Dr Alex  Bamji

Dr Alex Bamji

Lecturer in Early Modern History
Director of Admissions for the School of History

+44 (0)113 34 33602

Summary: Early modern Italy; cultural, religious and urban history; history of medicine.

Biography

I completed my BA in History, MPhil in Historical Studies, and PhD in History at the University of Cambridge. I joined the School of History at Leeds in July 2008, following a temporary lectureship in Early Modern History at the University of Glasgow.

Research interests

I am a cultural historian of early modern Europe, and I have particular interests in cities, religion, gender and the history of medicine. My research focuses on religious reform, death and disease in early modern society. My primary research project on 'Death in early modern Venice' explores mortality, funerary ritual, cemeteries, and the material culture of death, and sheds light on the distinctiveness of death in Venice through sustained comparisons with the cities of Mantua, Milan and Nuremberg. I am also interested in how religious belief and practice shaped communities and the lives of individuals, and I have published on the 'Catholic life cycle'. My research has been supported by grants from the AHRC, British Academy and Gladys Krieble Delmas Foundation. I am a member of the Health, Medicine and Society research group in the School of History.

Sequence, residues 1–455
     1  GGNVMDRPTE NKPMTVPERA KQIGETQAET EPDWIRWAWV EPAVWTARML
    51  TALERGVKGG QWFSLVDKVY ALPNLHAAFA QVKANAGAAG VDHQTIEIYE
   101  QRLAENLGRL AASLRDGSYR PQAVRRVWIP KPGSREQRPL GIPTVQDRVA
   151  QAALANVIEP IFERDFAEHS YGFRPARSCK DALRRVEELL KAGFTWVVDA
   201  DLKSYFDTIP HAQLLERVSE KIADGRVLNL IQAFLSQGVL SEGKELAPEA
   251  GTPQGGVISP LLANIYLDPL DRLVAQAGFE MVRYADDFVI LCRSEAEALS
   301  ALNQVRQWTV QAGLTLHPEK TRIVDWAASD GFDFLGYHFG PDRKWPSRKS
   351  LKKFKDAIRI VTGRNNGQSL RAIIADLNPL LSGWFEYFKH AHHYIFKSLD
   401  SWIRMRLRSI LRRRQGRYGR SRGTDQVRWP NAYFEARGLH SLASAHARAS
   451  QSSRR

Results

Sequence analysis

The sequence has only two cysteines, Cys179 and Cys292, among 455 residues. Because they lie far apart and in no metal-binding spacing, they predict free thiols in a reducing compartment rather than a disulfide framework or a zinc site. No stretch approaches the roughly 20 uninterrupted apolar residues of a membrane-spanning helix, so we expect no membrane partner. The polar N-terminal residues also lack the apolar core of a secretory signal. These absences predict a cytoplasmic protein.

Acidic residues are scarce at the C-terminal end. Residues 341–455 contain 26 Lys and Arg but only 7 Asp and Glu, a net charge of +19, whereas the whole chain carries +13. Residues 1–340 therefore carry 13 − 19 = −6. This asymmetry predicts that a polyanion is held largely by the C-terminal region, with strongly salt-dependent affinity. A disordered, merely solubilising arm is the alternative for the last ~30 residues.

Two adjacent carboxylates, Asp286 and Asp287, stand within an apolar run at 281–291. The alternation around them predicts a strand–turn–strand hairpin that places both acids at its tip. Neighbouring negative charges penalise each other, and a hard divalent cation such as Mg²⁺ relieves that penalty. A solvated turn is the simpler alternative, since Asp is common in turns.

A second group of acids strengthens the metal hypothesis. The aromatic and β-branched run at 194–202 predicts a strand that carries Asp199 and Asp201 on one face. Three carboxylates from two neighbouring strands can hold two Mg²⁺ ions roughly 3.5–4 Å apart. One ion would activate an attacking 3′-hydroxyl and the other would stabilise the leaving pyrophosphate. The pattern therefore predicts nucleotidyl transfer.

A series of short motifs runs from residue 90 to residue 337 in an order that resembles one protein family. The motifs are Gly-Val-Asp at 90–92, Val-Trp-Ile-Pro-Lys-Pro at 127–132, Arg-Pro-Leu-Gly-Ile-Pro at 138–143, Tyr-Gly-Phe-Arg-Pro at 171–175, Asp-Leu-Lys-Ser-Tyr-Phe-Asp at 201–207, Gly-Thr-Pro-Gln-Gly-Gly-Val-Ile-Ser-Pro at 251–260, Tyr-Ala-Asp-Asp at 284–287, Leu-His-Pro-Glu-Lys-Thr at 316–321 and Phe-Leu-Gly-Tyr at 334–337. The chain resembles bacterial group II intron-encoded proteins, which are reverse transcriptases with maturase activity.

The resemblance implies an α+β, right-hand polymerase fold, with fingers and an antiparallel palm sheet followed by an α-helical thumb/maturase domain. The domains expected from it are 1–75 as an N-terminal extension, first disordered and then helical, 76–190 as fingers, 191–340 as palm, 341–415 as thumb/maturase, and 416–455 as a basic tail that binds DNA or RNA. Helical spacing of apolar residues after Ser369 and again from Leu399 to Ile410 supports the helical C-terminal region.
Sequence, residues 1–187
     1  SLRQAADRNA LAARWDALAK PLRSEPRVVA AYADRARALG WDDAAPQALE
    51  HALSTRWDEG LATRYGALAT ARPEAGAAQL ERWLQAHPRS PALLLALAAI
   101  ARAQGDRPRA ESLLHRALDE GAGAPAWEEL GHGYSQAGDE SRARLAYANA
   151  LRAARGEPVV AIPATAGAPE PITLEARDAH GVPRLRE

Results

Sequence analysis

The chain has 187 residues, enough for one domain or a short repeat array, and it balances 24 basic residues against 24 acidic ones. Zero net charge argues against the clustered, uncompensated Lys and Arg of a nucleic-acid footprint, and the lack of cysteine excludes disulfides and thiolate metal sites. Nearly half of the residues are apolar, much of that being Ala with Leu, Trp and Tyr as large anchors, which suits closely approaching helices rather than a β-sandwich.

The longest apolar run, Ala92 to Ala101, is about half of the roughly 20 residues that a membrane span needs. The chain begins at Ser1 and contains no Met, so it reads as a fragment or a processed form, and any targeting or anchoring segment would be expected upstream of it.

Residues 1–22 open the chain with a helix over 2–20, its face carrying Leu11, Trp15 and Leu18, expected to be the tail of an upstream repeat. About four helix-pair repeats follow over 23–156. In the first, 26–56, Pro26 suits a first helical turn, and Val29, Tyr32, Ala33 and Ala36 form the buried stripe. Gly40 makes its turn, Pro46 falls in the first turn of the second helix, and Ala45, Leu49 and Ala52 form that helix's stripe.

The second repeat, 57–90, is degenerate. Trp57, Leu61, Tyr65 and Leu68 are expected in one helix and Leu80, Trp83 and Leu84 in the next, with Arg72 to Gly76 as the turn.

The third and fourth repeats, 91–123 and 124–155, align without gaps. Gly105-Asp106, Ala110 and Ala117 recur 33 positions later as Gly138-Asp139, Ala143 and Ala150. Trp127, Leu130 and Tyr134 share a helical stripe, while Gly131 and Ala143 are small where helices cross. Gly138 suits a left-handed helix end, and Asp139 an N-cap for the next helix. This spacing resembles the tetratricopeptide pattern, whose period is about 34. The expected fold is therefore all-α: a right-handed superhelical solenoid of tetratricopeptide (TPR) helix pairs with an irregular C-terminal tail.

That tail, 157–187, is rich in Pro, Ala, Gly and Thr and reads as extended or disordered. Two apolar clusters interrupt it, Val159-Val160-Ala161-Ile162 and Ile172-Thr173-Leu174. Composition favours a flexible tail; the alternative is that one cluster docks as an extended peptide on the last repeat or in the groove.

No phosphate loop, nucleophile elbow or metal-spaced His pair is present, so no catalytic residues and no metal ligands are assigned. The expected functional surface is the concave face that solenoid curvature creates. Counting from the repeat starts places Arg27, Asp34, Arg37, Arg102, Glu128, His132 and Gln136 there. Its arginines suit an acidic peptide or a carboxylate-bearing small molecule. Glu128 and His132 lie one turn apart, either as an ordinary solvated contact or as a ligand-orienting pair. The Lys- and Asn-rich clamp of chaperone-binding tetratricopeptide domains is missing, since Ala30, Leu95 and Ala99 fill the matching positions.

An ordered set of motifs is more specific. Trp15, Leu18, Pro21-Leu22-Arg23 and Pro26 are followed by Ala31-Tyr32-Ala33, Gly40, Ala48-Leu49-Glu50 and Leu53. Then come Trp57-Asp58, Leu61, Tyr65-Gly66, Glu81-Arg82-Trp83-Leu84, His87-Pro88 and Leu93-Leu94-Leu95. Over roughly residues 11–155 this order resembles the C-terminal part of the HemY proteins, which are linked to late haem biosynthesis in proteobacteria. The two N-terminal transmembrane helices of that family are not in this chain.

Current Research Projects

Death in early modern Venice

This project is a cultural history of death in Venice, which explores the meanings of mortality at all levels of society. It examines the factors which motivated the Venetian Republic's increasing interest in death, which was manifested in careful record-keeping, the monitoring of suspicious deaths, and cemetery management. It also reveals how death shaped and reinforced family and community, through burial practices and commemorative acts which forged ongoing relationships between the dead and the living. Detailed comparisons with attitudes and practices in other European cities are a distinctive feature of this project. An Arts and Humanities Research Council (AHRC) Early Career Fellowship funded research in Mantua, Milan and Nuremberg, which has enabled comparisons of government motivations and an assessment of the impact of religious change on burial practices. A British Academy/Leverhulme Small Grant is currently supporting research into confraternities, death and devotion.

Key Publications

Alexandra Bamji, 'Health passes, print, and public health in early modern Venice', Social History of Medicine (forthcoming)

Alexandra Bamji, 'The materiality of death in early modern Venice', in Religious materiality in the early modern world, ed. by Suzanna Ivanic, Mary Laven, Andrew Morrall (Amsterdam University Press, 2018)